Review reading material together and ask questions that help make connections and see analogies.
Rather than simply asking, “What was the story about?
Research provides evidence for the ways comprehension is embedded into daily literacy lessons.
Firstly, a supportive classroom context to promote comprehension must be developed. 207-208) recommend teachers: Multiple copies of literary texts promote opportunities for students to talk about texts with each other.
Making inferences, identifying the big picture or moral of a story, distinguishing opinions from facts, or finding biases are also skills very difficult – if not impossible – for the reader with poor reading comprehension skills.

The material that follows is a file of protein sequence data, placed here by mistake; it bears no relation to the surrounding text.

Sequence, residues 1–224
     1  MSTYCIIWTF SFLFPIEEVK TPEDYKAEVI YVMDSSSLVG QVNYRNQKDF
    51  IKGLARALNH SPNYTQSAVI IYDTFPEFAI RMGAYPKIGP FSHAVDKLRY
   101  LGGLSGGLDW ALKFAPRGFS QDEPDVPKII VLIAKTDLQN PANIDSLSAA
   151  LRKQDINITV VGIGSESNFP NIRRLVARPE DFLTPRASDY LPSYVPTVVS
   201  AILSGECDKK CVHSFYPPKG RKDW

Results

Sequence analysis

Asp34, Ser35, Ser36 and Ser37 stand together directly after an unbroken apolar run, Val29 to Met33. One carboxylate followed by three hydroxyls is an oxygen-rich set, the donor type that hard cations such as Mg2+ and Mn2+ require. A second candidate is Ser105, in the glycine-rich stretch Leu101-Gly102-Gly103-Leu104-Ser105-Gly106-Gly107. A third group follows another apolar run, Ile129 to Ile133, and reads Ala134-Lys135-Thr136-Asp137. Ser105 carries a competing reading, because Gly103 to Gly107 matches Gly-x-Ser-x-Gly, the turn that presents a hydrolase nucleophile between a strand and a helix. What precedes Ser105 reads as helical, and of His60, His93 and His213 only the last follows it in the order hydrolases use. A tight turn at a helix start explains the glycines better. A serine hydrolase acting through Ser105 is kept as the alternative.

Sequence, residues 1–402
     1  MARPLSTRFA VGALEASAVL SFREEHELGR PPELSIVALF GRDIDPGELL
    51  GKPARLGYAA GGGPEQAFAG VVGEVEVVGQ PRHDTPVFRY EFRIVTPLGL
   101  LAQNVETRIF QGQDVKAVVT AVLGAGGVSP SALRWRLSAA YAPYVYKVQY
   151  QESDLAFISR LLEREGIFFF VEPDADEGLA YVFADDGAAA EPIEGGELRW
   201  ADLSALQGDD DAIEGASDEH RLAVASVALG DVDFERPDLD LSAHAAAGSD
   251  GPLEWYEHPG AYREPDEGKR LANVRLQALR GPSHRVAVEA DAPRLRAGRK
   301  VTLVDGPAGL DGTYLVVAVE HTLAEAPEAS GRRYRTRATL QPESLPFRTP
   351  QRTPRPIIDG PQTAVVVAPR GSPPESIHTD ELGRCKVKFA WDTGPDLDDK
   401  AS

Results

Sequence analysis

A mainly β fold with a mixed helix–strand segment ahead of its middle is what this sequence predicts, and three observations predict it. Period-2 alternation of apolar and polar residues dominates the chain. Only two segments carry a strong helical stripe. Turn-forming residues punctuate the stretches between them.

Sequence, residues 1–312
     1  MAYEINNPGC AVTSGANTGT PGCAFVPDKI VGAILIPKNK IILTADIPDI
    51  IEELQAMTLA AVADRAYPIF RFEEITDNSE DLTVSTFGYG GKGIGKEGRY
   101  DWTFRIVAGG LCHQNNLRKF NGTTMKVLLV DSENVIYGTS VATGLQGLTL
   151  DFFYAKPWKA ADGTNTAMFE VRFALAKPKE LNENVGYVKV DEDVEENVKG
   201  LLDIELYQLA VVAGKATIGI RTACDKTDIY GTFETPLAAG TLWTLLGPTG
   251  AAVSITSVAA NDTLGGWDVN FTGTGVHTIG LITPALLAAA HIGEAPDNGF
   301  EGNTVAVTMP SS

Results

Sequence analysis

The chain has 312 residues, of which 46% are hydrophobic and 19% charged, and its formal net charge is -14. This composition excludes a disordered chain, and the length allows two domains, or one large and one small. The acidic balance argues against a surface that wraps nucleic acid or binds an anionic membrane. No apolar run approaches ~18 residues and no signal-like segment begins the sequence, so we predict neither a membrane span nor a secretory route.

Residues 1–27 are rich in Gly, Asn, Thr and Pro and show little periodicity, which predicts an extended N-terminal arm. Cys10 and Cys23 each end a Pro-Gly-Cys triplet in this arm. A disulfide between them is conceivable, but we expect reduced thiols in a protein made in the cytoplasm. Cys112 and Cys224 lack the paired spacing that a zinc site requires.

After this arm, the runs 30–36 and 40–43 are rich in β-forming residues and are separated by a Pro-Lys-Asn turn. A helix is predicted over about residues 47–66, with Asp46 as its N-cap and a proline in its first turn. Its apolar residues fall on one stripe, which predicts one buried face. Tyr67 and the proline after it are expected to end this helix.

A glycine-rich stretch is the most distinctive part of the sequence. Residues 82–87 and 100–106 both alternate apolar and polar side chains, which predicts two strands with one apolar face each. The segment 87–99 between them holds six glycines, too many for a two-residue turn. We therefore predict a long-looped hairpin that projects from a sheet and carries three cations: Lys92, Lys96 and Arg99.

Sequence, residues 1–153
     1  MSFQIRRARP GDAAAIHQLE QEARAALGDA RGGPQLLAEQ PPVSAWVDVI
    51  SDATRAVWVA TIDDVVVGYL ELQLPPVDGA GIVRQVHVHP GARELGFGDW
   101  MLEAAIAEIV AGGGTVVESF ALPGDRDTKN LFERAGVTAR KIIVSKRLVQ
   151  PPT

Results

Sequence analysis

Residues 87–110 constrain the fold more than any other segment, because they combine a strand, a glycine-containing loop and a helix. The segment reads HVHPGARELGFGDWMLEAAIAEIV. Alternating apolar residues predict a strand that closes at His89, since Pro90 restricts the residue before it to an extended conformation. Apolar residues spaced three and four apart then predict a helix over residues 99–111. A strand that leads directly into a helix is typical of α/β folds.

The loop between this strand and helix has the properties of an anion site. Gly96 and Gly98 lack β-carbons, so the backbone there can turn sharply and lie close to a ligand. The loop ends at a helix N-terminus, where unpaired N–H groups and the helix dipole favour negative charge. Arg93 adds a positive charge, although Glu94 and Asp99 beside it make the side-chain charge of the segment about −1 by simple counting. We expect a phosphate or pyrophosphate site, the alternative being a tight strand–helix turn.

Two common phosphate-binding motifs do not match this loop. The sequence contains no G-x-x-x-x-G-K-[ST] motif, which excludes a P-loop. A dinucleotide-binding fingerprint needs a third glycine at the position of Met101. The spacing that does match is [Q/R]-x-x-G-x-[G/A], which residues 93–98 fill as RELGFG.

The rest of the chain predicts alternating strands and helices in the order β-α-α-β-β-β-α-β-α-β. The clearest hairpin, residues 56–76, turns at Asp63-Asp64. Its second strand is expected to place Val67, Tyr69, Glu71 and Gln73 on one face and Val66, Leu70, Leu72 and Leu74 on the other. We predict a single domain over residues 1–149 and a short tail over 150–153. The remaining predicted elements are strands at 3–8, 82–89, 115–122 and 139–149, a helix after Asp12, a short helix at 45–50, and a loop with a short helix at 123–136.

One of the goals of reading is to make new connections to our life and world.Reading comprehension involves the ability to not only read the lines but also the abstract step of “reading between the lines.” However, the next crucial step involves higher order thinking that takes reading between the lines one step farther. Higher-order thinking skills enable students to do this and find the real value in the information they are reading.Students with poor reading comprehension skills lack adequate ability to truly understand the many facets of what they are reading.Ask how a situation in the story or text could affect other characters.This will help students develop empathy and understand different viewpoints as well as consequences.Therefore, the strategies that are taught in the early years of education should be practised, consolidated and expanded on throughout a student’s schooling.Depending on the researcher or author, there are a range of strategies recommended to assist comprehension (For example see: Many commercial products provide large amounts of blackline photocopy material for the various comprehension strategies.Help students think beyond the story by asking what could have been done differently for a better outcome.This invites creative thinking and problem solving – skills essential in a competitive market place.When children first learn to read, much of their effort is focused on decoding and pronouncing each word correctly.While this kind of phonetic interpretation is essential, in order to become proficient readers students have to be able to understand the meaning of what they read.